The Brandos

While few can likely relate to the turbulent ups and downs of the famous Brando family, every one of us understands the desire for a friendly place where we can escape from real life, even if just for a short while. Incredibly, for legendary actor Marlon Brando and eldest son Christian Brando, that place was…

Read More
George Putnam Riley

George Putnam Riley was a brilliant activist, orator and lifetime barber lived an extraordinary existence during a pivotal time in American history, during the second half of the nineteenth century. His formative years were shaped by his East Coast upbringing, but his true character came from his life experiences on the Pacific Coast. The African-American…

Read More
Bonnie Bird

She was many things: an accomplished performer, revered instructor, passionate political activist and loving wife and mother. Bonnie Bird also was a Bothell, Washington, resident into the 1930s, while the rest of her family continued to live there into the ’50s. Bonnie was born in Portland in 1914 and spent most of her childhood in…

Read More

The Cedars In 1917, a detention home for “fallen women” called The Cedars was built to the north of Edgefield, under the stewardship of Lola Baldwin, Portland’s first policewoman and namesake of our Lola’s Room at the Crystal Ballroom. Press clippings trumpeted The Cedars as a “refuge for diseased women.” Yet the concern wasn’t actually…

Read More
Kolieha Bush

Art and write-up by McMenamins artist Kolieha Bush My trip to the White Bird Clinic was an inspiring and eye-opening experience. I’ve known of White Bird since the late 1970s as the medical and first aid booth at the Oregon Country Fair each year. I also saw them providing their services during the Further Festival…

Read More
Dorothy Mason Brown

“She was religious, very active, very community oriented, always wanted to work to make the community better. She was a do-er, a helper, a supporter. I think at an early age, she had made up her mind that she was going to make a difference. And that’s what she did.” – Dr. Betty Cobbs, daughter…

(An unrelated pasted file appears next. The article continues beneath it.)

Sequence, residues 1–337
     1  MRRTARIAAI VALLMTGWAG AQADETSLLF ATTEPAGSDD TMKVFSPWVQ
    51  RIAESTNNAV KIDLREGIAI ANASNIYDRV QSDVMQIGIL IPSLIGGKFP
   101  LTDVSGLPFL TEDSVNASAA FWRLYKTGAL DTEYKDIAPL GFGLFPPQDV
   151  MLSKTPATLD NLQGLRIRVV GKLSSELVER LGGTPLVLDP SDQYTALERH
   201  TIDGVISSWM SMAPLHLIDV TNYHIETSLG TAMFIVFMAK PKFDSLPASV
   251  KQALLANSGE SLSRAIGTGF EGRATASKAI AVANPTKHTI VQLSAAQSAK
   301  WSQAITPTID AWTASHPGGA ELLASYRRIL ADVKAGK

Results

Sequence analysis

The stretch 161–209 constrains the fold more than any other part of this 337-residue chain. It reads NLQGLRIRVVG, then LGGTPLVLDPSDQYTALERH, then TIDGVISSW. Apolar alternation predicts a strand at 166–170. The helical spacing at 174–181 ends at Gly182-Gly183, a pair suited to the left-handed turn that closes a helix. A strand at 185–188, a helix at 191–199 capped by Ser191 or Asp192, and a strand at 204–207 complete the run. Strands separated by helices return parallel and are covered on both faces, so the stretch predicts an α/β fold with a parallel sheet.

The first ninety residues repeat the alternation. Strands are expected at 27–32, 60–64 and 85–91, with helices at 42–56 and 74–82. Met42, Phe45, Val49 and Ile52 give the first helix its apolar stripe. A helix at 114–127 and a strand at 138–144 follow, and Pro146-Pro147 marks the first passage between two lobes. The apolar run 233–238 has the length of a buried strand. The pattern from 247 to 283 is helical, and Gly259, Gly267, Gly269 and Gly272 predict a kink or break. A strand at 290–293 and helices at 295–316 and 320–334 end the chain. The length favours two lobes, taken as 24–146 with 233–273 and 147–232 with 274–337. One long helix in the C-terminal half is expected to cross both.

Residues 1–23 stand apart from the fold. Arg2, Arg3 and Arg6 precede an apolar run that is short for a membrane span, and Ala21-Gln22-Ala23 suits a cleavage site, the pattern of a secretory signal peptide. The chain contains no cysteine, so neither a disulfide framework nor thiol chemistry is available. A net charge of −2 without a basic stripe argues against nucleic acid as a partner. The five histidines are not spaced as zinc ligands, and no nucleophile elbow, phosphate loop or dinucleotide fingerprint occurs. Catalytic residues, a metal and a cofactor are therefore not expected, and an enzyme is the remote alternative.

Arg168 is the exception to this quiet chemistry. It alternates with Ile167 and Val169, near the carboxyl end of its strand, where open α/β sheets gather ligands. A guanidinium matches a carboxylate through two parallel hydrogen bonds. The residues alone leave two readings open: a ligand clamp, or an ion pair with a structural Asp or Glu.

Read More
Willard Case

As 1908 came to a close, veteran lumberman Willard Case ushered in the first railroad logging operation at Kalama. Case had been in the lumber business for nearly two decades by this point, but was relatively new to this area. He hailed from the Old Northwest Territory – born in Ohio and raised in Missouri…

Read More
Torchy

Hello from the History Department – She just wanted to finish her drink! Read this great story by The Oregonian’s Douglas Perry about Phyllis “Torchy” Jessing, the redhead on the left in McMenamins artist Lyle Hehn’s mural that hangs in Zeus Café. This true-crime tale has everything: a drunken stabbing, a bloody weapon, a lovesick…

Read More
John Kalama

Hello from the History Department – For more than a century, speculation has run rampant regarding how the town of Kalama got its name. Was it based on the Chinook word “Kala amat,” which is how local natives referred to themselves? Or did the name come from the nearby river, which had been named for…

Read More
Jonathan Burbee

Hello from the History Department – For most of the pioneer wagon trains making their slow and often treacherous way across the Oregon Trail, the trip ended in or around Oregon City. But for a select few, the journey veered north, up into what would one day be the Washington Territory. Read the story of…

Read More